Knorr-Bremse (ETR:KBX) Seems To Use Debt Quite Sensibly

Simply Wall St
November 07, 2021
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Legendary fund manager Li Lu (who Charlie Munger backed) once said, 'The biggest investment risk is not the volatility of prices, but whether you will suffer a permanent loss of capital.' It's only natural to consider a company's balance sheet when you examine how risky it is, since debt is often involved when a business collapses. Importantly, Knorr-Bremse Aktiengesellschaft (ETR:KBX) does carry debt. But is this debt a concern to shareholders?

What Risk Does Debt Bring?

Debt and other liabilities become risky for a business when it cannot easily fulfill those obligations, either with free cash flow or by raising capital at an attractive price. In the worst case scenario, a company can go bankrupt if it cannot pay its creditors. However, a more usual (but still expensive) situation is where a company must dilute shareholders at a cheap share price simply to get debt under control. Of course, plenty of companies use debt to fund growth, without any negative consequences. The first thing to do when considering how much debt a business uses is to look at its cash and debt together.

Check out our latest analysis for Knorr-Bremse

What Is Knorr-Bremse's Net Debt?

The image below, which you can click on for greater detail, shows that Knorr-Bremse had debt of €1.39b at the end of June 2021, a reduction from €2.09b over a year. However, it does have €1.57b in cash offsetting this, leading to net cash of €184.6m.

XTRA:KBX Debt to Equity History November 8th 2021

A Look At Knorr-Bremse's Liabilities

The latest balance sheet data shows that Knorr-Bremse had liabilities of €3.23b due within a year, and liabilities of €2.03b falling due after that. Offsetting these obligations, it had cash of €1.57b as well as receivables valued at €1.67b due within 12 months. So its liabilities outweigh the sum of its cash and (near-term) receivables by €2.03b.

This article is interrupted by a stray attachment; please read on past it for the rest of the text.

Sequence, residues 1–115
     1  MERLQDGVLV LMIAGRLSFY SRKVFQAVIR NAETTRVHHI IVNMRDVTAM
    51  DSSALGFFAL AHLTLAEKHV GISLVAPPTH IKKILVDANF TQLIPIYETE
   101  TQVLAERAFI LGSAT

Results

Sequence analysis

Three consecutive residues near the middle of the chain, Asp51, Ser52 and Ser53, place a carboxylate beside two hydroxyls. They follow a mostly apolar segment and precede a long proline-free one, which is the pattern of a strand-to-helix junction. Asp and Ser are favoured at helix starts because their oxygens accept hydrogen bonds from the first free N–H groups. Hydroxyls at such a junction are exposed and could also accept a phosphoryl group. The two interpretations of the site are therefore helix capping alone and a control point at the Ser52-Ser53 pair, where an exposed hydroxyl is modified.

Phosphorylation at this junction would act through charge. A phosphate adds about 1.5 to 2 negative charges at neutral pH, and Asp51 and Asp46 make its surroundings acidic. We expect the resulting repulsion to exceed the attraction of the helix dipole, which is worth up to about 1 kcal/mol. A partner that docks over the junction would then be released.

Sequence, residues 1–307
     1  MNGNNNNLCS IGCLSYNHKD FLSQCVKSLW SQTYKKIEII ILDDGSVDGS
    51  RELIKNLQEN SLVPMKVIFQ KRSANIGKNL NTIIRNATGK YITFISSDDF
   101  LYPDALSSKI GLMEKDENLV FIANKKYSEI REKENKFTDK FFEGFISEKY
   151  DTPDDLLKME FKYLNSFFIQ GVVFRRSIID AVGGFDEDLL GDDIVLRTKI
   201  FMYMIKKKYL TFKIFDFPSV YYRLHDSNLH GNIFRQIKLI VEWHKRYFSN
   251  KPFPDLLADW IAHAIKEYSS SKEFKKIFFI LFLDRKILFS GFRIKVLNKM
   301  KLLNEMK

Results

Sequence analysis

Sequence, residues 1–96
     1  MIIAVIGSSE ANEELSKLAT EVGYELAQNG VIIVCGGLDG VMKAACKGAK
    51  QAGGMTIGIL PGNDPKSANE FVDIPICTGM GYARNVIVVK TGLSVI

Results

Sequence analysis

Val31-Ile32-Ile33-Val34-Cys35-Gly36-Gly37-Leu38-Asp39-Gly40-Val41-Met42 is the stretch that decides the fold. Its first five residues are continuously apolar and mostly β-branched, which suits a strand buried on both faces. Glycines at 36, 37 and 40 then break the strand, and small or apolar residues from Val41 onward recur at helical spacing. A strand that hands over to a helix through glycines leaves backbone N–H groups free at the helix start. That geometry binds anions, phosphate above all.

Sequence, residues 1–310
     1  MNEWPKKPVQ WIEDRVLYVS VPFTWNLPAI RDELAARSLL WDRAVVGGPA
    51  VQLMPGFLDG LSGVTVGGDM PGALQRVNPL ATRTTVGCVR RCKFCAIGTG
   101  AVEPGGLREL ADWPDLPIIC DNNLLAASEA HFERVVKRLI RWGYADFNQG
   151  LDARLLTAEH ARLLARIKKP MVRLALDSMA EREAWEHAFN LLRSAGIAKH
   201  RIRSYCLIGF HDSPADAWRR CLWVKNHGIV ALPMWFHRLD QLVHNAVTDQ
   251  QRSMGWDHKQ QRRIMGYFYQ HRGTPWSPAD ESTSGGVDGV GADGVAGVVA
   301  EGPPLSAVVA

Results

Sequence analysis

Of course, Knorr-Bremse has a titanic market capitalization of €15.1b, so these liabilities are probably manageable. However, we do think it is worth keeping an eye on its balance sheet strength, as it may change over time. While it does have liabilities worth noting, Knorr-Bremse also has more cash than debt, so we're pretty confident it can manage its debt safely.

The good news is that Knorr-Bremse has increased its EBIT by 2.5% over twelve months, which should ease any concerns about debt repayment. The balance sheet is clearly the area to focus on when you are analysing debt. But ultimately the future profitability of the business will decide if Knorr-Bremse can strengthen its balance sheet over time. So if you're focused on the future you can check out this free report showing analyst profit forecasts.

But our final consideration is also important, because a company cannot pay debt with paper profits; it needs cold hard cash. Knorr-Bremse may have net cash on the balance sheet, but it is still interesting to look at how well the business converts its earnings before interest and tax (EBIT) to free cash flow, because that will influence both its need for, and its capacity to manage debt. During the last three years, Knorr-Bremse produced sturdy free cash flow equating to 58% of its EBIT, about what we'd expect. This cold hard cash means it can reduce its debt when it wants to.

Summing up

While Knorr-Bremse does have more liabilities than liquid assets, it also has net cash of €184.6m. So we are not troubled with Knorr-Bremse's debt use. When analysing debt levels, the balance sheet is the obvious place to start. However, not all investment risk resides within the balance sheet - far from it. We've identified 2 warning signs with Knorr-Bremse , and understanding them should be part of your investment process.

Of course, if you're the type of investor who prefers buying stocks without the burden of debt, then don't hesitate to discover our exclusive list of net cash growth stocks, today.

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